What does Tom Hanks have in common with Halle Berry, Drew Carey, Patti LaBell and Paula Deen? Tom is just the latest Hollywood star to disclose that he has Type 2 Diabetes. When he announced his disease on a recent David Letterman show, he said that he has had high blood sugar numbers since he was 36 (he’s now 57).
Diabetes is at epidemic levels in the U.S. and growing. A recent study found that nearly 26 million people in this country have diabetes and another 79 million Americans have pre-diabetes, a condition that places people at higher risk for developing the disease.
There has been a lot of talk lately about health care costs, especially with the implementation of the Affordable Care Act beginning earlier this month. According to Robert Ratner, the chief scientific and medical officer for the American Diabetes Association, “Our health care system and our economy are being overwhelmed by diabetes – it is just not a sustainable situation.”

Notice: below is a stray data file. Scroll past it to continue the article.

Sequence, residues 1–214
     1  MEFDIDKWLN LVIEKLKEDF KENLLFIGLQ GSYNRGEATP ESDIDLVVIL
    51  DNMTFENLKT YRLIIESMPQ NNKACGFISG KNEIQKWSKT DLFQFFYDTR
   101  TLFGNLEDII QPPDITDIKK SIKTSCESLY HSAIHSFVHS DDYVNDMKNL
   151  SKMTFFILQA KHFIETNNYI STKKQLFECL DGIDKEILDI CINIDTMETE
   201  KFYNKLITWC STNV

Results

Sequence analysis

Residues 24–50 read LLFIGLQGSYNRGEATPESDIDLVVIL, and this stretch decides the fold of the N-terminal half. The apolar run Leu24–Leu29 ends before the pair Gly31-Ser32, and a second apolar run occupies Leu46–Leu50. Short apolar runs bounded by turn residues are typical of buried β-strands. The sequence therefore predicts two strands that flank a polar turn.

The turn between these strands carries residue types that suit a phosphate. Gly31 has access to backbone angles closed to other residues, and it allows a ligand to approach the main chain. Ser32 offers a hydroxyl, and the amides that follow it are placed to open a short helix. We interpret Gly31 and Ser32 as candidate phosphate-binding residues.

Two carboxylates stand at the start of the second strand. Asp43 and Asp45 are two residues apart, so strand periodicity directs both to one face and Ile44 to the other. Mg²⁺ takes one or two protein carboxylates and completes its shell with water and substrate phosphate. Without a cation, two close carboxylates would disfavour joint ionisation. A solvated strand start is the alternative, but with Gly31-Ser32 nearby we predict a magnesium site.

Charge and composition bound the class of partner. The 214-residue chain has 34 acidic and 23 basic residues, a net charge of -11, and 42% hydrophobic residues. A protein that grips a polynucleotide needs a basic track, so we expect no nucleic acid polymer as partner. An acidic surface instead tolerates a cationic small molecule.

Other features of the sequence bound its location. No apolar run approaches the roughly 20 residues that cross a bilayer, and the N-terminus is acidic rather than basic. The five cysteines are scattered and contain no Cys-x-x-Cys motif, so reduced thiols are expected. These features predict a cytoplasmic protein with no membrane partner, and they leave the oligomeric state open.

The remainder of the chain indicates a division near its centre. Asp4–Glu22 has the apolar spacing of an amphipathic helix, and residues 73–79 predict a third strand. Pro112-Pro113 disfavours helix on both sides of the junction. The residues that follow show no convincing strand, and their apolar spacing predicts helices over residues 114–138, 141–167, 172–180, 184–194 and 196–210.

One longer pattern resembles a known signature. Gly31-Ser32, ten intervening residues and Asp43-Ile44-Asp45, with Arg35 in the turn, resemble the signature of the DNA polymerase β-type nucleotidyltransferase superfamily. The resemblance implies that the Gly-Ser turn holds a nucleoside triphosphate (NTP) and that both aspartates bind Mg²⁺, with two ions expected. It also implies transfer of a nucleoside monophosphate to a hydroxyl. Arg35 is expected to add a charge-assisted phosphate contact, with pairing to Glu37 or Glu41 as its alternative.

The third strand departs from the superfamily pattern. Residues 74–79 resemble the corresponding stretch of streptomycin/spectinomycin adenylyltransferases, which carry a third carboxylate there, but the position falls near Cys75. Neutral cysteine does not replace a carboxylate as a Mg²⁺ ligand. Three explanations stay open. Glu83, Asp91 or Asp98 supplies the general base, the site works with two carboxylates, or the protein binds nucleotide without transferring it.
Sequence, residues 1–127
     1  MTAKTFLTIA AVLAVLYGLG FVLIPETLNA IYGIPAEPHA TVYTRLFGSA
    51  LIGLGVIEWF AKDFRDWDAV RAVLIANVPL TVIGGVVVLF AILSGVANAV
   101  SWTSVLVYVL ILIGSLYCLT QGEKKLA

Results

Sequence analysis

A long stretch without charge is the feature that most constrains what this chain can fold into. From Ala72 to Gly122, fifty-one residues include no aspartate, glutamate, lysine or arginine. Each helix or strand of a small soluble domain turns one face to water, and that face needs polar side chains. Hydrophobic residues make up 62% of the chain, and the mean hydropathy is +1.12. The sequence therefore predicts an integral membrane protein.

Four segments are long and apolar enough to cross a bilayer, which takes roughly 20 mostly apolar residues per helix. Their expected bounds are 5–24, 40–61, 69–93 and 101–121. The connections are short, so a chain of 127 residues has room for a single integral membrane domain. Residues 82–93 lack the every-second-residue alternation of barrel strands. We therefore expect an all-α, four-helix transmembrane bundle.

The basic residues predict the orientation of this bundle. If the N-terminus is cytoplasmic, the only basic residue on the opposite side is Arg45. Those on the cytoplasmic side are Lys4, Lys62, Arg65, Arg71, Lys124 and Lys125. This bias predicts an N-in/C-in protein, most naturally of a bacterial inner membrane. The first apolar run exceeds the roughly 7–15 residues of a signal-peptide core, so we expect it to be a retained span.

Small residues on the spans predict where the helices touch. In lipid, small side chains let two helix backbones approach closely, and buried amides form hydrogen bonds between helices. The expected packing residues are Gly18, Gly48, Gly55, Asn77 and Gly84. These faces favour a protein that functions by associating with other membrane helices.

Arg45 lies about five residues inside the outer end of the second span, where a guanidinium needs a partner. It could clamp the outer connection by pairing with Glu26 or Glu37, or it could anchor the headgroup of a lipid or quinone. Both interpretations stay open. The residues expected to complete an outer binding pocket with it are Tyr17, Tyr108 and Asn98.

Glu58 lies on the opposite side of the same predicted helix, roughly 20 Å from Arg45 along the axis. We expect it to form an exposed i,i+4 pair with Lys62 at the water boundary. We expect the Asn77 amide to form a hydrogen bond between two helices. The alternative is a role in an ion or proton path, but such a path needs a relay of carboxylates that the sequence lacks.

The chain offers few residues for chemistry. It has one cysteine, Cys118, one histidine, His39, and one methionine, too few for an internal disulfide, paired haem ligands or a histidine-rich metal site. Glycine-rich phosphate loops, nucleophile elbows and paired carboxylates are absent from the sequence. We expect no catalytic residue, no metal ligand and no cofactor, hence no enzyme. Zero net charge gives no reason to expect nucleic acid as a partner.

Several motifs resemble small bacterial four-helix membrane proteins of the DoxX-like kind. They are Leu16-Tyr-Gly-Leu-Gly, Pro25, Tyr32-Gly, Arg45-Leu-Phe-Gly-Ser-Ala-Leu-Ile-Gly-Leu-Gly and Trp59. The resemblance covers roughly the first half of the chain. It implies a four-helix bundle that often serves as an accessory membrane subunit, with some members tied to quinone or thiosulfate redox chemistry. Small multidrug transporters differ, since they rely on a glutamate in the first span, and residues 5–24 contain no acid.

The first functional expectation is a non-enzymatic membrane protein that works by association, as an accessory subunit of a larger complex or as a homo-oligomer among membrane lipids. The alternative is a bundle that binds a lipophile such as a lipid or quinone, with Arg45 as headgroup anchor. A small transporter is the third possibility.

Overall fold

Most people falsely believe that the biggest factor in a person’s risk of developing diabetes is genetics. But that’s just not true. Genetics does play a role, but it’s a much smaller role than commonly thought. By staying physically active and eating a healthy variety of foods is the key. It shouldn’t be surprising that obesity is a well-established warning sign of diabetes risk.
We advise people to make healthy choices and maintain a healthy weight, regardless of their family history, as the most important thing that people can do to prevent this disease. Let’s end the diabetes epidemic that is sapping people’s health and our nation’s economy.
Want to know how you can develop a healthy relationship with food and minimize your risk of diabetes? Check out our Eat Great, Live Well Program. What have you got to lose – other than bad habits, excess weight, low self-esteem, or yo-yo dieting?
Remember, healthy choices you make each day can transform your family for generations! What choices will you make today?
You may also want to read: Quick, Healthy Soda Alternatives, Diabetes Costs U.S. $245B Per Year, Do You Know the Risks of Obesity?